You can make all the excuses and explanations you care to — he wanted to be a hero to his son; he wanted to choose somebody so obscure that nobody could challenge him; he is preternaturally pathological and was pretty damn drunk — but Norris Hopper?

You mean I chose Norris Hopper as my own personal Rocker because some nitwit in a tank top bragged he and Norris were from the same neighborhood when, in fact, they appear to be barely from the same time zone?

Yo! I'm sorry, Norris. You're not a nerd and you're not a lowlife with a lowlife pass list. You're just some random Red. Based on that alone, I can't say you're a bad guy. In fact, based on that alone, I can't say much of anything about you. But beware, Mr. Hopper, there are actually people who would.

And for what it's worth, I think Norris is a fine first name.

7 comments to All is Forgiven, Norris

  • Anonymous

    Maybe the guy just wanted to be (more so than he already was) and obnoxious drunk Yankee fan, and just chose some random Red to cheer about.
    I think Hopper is a weirder name than Norris, although I did know a rather cute girl with that last name once. She's not from North Carolina though, so I imagine there is no relation.

  • Anonymous

    You know who you met in Loge 15?
    That was your Lex Luther, the anti-Greg.
    The FAFIF shirt vs. the white “beater.”
    It's all so clear.

  • Anonymous

    All I know about Norris Hopper is that when his teammate Ryan Freel was knocked unconscious in an ugly outfield collision, Hopper had the presence of mind to slip the ball, which had rolled away, back into Freel's limp glove before the umpire and trainers could reach them. The batter was called out…
    I've been trying to decide for weeks whether this was admirably quick-thinking, or if it revealed a slightly chilling indifference to Freel's well-being. I'm torn.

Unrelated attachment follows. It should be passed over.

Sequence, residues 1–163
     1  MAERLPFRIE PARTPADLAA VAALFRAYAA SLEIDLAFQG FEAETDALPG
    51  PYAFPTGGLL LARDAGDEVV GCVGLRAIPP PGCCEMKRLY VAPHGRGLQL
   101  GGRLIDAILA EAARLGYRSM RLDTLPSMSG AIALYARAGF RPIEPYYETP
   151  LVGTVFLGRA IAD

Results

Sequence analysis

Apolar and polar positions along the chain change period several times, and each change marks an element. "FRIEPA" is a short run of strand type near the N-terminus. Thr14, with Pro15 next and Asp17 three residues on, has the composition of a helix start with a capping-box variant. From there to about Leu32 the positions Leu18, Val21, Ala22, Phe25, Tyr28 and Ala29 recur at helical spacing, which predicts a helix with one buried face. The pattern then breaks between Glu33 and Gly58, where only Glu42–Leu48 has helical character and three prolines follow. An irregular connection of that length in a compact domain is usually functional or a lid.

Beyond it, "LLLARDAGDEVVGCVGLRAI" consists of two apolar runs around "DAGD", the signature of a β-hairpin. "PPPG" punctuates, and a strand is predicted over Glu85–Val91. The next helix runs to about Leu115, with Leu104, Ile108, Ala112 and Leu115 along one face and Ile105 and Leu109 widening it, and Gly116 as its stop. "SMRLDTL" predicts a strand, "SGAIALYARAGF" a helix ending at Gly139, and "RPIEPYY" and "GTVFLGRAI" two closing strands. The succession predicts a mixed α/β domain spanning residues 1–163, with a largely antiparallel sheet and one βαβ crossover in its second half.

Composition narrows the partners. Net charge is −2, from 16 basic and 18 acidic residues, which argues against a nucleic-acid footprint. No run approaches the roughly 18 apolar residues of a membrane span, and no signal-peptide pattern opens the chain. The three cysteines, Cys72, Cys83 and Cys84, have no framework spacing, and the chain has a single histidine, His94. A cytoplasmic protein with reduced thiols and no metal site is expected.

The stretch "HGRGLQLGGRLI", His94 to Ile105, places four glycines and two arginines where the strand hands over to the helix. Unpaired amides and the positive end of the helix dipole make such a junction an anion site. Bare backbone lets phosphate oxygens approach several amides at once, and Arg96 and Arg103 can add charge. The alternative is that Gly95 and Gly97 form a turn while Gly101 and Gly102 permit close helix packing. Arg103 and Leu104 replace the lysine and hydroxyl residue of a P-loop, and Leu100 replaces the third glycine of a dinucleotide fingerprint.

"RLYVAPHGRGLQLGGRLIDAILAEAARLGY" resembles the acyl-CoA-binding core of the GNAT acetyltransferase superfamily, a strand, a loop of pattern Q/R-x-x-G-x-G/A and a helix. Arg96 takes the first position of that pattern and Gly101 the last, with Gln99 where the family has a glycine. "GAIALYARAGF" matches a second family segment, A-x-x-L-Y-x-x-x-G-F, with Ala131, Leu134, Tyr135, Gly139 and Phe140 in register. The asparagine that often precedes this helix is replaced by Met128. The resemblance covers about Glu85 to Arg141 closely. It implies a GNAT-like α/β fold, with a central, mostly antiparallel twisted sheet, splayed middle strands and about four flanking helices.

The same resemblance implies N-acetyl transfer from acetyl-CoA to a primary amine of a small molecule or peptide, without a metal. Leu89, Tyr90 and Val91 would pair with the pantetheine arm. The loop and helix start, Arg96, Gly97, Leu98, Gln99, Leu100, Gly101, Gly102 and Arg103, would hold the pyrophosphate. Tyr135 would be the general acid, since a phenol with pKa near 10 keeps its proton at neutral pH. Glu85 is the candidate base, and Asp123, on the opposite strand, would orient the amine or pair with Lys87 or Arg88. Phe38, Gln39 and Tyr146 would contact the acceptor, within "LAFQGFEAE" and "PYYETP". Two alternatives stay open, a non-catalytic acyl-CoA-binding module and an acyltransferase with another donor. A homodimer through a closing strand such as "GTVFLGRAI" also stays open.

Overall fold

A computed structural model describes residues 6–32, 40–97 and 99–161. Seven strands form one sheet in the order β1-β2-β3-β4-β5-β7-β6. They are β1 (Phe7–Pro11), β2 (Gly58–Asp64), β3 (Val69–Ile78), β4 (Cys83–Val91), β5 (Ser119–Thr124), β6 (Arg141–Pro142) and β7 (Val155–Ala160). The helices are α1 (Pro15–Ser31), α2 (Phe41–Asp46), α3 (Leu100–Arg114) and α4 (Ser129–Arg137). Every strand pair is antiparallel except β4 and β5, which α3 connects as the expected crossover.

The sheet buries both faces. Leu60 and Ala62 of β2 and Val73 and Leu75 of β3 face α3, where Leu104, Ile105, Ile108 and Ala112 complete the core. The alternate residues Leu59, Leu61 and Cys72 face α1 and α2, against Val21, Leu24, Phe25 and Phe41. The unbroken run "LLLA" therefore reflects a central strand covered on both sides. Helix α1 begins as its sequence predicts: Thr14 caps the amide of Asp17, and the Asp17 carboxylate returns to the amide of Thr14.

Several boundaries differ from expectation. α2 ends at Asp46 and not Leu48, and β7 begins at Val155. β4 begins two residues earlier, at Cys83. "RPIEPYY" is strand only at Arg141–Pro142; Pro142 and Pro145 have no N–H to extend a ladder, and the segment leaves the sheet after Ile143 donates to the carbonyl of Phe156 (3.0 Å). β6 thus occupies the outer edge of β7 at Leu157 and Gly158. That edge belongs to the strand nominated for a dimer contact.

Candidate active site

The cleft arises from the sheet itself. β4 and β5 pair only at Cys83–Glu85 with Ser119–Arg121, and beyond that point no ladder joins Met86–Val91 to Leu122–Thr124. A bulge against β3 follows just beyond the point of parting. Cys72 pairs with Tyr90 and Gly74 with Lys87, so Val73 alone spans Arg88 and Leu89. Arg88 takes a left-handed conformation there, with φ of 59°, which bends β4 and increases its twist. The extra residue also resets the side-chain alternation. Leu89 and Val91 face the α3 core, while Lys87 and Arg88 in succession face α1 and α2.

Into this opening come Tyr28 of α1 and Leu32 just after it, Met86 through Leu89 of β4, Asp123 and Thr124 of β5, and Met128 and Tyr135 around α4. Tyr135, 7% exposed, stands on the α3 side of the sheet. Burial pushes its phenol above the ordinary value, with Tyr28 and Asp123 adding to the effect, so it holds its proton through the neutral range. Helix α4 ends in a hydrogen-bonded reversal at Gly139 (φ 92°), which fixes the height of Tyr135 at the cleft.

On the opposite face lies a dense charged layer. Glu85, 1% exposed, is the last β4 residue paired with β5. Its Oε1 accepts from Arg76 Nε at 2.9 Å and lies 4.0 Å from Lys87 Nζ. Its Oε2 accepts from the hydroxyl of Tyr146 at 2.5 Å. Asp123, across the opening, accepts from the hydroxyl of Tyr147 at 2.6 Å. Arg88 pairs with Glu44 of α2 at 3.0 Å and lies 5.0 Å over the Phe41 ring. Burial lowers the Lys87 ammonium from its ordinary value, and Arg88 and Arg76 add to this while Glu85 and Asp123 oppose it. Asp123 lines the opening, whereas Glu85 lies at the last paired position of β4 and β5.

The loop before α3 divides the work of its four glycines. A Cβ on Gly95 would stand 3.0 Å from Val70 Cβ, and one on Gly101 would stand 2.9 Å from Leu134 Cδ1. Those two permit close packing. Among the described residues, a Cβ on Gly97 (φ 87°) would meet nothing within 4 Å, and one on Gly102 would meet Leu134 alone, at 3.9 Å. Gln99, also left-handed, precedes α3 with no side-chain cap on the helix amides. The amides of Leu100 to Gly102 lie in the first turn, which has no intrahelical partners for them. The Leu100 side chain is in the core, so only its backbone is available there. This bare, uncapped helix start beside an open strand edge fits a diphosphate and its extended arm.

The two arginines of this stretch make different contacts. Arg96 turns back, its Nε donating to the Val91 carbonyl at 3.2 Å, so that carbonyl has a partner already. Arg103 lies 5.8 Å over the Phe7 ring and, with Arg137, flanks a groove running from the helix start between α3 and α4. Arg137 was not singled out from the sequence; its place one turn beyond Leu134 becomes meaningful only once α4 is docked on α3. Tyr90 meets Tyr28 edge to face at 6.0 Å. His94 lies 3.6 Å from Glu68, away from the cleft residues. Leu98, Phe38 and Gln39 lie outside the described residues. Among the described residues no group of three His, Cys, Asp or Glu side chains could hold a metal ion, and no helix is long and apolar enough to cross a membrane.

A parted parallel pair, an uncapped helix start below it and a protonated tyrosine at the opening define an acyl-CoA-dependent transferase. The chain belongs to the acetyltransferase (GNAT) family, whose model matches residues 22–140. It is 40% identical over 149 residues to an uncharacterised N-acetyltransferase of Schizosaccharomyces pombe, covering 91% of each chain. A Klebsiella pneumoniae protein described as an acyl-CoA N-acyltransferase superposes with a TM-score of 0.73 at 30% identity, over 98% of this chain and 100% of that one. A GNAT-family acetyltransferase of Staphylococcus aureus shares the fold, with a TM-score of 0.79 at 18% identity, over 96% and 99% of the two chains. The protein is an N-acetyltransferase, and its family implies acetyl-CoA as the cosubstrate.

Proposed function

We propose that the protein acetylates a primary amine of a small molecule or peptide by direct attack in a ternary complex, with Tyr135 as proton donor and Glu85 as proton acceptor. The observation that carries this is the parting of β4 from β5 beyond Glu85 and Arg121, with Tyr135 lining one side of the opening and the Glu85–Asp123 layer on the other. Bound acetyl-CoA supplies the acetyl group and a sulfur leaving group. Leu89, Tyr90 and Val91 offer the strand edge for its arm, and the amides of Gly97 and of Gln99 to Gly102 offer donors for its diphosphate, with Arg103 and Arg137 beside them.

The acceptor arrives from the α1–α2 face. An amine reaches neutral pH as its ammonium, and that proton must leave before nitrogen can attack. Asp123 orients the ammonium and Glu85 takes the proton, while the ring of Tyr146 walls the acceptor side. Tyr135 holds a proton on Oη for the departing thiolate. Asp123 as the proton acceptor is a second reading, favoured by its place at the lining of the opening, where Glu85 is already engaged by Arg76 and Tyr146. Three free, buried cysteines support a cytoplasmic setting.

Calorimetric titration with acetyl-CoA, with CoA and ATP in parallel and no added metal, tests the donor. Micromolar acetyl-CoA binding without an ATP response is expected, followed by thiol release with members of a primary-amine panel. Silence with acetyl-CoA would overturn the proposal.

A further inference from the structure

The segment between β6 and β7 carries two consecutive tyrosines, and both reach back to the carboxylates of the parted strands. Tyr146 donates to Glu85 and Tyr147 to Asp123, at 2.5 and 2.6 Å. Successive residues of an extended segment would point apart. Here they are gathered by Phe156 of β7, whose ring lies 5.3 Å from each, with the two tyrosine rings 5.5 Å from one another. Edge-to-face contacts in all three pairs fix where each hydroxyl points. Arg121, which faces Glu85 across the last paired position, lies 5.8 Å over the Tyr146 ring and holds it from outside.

• Anonymous

    As I was reading this post the Reds play-by-play guy referred to our rightfielder as “Lasting” and moments later Hopper gets picked off first.

  • Anonymous

    Lasting drives in two…your Mileage may vary.

  • Anonymous

    Now that was totally unexpected.
    From the setup in the first paragraph, I was ready for a tale about some kind of alter ego of Junior/Grumpy/whatever they call him now. It never occurred to me for a moment that Norris Hopper would turn out to be real.
    Go figure- a short story with a surprise ending that turned out to be no surprise at all. A good effort, sir- worthy of inclusion among that of the best writer of the genre- Sadaharu O. Henry.

  • Anonymous

    Hi Greg,
    Well, it was much duller sitting in Mezzanine 12, row C, instead of Lodge 15, rows F through H. All we had to contend with was the agony of runners left on base and a possible waste of perhaps the best pitching performance by Glavine in a Met uniform (true, we had a bunch of guys in row b a little plastered but they were harmless enough and not nearly as entertaining as your folks).
    I was annoyed by a group of tailgaters setting up shop in a handicapped spot adjacent to their van in the parking lot. The section was packed and they were taking up two spots and didn't want to move. Fortunately, the next section had spaces close by but, as I pointed out to (friendly, of course) my wife uses a cane and I wanted a space as close to the entrance as possible.
    Ten minutes later when the area would have been filled I wonder if they would have still taken up a space needed by another driver for something more important.